The Charlotte Hornets already have one pair of brothers on the roster with Cody and Caleb Martin. They could use their early second round pick to add a second set of brothers to the team. Jalen McDaniels brother Jaden is currently slated to go around the turn between the first and second round, and he could be the best option available for the Hornets at 32.
Weight: 200 pounds
Strengths: Potential skill set at size, shooting ability
Most of Jaden McDaniels’ appeal is in his potential rather than his current production. He has shown rare skills for a player of his size, though he hasn’t been able to make an impact consistently. He’s fluid and handles the ball well, which gives him the ability to create open jump shots for himself. He has the ball in his hands a lot for a forward and shows glimpses of being able to make plays for his teammates, though he does turn the ball over a lot. His length and fluidity allow him to guard multiple positions and be disruptive off the ball, both in passing lanes and at the rim.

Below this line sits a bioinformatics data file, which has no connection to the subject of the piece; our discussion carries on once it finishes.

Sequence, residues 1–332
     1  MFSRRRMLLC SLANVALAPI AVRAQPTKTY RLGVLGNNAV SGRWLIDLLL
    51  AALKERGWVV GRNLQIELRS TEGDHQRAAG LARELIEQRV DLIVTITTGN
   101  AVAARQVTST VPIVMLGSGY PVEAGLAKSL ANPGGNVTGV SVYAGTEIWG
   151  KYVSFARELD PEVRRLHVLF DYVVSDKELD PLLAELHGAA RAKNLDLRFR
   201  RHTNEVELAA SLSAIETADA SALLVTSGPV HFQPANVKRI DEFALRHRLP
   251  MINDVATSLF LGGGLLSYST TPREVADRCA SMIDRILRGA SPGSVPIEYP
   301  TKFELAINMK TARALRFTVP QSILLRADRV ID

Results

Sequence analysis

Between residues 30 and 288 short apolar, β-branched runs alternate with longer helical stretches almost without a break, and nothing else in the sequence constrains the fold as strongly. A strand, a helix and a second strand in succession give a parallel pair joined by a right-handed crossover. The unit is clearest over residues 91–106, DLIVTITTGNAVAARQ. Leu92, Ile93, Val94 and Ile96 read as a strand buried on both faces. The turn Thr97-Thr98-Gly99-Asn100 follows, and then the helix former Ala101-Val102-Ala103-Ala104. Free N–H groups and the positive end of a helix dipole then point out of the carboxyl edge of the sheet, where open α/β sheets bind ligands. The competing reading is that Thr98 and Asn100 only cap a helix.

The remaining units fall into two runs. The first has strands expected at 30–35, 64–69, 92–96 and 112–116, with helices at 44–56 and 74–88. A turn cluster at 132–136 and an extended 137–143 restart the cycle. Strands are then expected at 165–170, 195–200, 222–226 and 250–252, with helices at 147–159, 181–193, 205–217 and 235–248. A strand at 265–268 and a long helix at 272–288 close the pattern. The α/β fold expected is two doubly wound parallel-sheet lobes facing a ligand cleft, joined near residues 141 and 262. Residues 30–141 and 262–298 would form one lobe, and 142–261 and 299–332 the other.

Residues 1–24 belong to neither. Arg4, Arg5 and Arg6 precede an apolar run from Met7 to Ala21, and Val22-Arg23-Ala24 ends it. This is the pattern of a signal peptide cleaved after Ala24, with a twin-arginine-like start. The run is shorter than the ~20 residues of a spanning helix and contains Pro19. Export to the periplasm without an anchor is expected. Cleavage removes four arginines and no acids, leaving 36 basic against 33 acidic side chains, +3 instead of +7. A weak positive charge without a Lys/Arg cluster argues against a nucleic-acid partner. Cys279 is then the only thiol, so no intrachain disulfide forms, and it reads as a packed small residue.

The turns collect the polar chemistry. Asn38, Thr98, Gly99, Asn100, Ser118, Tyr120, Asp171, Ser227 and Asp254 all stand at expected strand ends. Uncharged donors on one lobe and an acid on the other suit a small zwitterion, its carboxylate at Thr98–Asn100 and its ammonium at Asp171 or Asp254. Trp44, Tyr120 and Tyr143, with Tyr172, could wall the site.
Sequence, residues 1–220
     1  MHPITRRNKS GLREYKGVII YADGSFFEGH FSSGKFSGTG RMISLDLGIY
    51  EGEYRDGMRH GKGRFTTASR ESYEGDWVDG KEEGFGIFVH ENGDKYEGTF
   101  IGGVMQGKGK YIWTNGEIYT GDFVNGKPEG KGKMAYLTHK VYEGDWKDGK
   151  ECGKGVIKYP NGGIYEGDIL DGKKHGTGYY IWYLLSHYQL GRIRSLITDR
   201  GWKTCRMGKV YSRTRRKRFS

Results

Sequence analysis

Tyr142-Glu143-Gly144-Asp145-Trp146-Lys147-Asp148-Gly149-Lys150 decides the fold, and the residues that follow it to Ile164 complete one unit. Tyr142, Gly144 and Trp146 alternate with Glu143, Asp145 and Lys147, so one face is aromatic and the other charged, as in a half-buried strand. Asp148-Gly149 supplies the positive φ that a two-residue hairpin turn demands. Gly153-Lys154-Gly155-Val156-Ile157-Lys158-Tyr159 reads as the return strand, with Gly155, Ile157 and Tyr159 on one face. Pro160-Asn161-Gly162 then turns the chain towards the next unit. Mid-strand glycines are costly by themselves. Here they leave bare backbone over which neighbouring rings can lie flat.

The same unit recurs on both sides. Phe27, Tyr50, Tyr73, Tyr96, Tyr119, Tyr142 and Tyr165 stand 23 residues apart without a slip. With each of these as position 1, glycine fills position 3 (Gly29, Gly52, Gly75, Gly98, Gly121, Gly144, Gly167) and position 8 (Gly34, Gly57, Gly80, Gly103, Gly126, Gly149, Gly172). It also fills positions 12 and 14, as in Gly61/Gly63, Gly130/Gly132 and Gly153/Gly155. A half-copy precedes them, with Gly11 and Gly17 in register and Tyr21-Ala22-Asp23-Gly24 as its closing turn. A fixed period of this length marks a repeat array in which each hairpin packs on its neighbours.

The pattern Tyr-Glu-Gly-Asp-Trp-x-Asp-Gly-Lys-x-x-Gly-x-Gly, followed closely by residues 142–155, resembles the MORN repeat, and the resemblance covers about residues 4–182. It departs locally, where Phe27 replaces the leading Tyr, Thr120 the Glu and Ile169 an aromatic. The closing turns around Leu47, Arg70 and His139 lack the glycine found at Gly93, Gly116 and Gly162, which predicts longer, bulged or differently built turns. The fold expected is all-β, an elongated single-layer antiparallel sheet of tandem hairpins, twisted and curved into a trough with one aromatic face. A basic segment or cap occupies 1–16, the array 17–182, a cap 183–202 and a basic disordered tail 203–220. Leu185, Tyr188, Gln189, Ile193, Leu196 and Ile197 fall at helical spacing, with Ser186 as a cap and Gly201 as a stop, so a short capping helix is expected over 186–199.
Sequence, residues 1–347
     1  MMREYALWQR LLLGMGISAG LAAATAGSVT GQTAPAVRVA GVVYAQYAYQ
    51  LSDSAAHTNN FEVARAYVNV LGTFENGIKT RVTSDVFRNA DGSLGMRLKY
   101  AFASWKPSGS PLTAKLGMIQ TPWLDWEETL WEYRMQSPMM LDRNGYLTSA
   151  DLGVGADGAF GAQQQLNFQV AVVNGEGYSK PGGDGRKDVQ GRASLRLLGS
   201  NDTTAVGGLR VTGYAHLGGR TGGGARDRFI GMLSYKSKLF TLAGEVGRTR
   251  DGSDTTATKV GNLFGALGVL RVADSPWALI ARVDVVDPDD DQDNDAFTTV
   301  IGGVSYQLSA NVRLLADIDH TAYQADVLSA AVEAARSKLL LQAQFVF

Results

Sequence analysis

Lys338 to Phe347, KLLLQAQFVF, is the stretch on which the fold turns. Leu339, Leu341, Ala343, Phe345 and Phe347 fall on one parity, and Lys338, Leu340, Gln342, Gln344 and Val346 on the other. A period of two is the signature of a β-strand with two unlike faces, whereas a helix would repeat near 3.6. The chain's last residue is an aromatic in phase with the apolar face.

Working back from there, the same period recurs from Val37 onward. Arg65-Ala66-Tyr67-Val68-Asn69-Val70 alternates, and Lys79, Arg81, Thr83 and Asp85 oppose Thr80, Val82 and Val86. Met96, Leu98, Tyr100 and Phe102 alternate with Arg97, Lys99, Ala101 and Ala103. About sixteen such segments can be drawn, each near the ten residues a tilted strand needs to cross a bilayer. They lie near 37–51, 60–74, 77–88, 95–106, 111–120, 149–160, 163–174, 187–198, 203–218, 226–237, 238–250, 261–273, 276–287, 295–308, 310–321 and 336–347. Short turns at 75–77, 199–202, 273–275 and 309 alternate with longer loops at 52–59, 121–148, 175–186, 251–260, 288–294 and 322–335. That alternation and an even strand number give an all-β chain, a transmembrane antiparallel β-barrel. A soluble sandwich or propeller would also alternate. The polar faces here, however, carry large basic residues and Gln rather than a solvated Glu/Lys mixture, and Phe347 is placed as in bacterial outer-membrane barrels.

McDaniels’ shooting stroke is his most identifiable skill. He shot 33.9% from three, but that number is a bit deflated by his shot selection. He took a lot of 3-pointers off the dribble, which hurt his percentage, but also showed how much potential for growth he has in this area. He was a knockdown shooter off the catch, which will more directly translate to his role in the NBA.
Weaknesses: Production/consistency, decision making
While McDaniels has shown the ability to do a little bit of everything, he hasn’t done anything well consistently. His box score numbers are underwhelming, and he was eventually moved to the bench in the last couple months of the season. His advanced stats like box plus-minus, win shares, and offensive/defensive ratings are all terrible.
McDaniels efficiency is limited by his decision making. He shot 40.5% from the field, largely because of questionable shot selection. He settles for a lot of tough pull-up jump shots and takes way too many shots from just inside the 3-point line. He committed 4.2 turnovers and 4.3 fouls per 40 minutes, and he fouled out of eight games.
I know this scouting report is kind of brief, but that’s kind of emblematic of who Jaden McDaniels is as a prospect. He played 31 games at Washington, but he’s still a bit of a mystery. He has tons of talent and shows a little bit of everything you want to see in a young prospect, but he clearly has a long way to go before he puts it all together. The Hornets, or whoever decides to pick him, will have to trust that he’ll learn how to best use his tools as he matures and develops.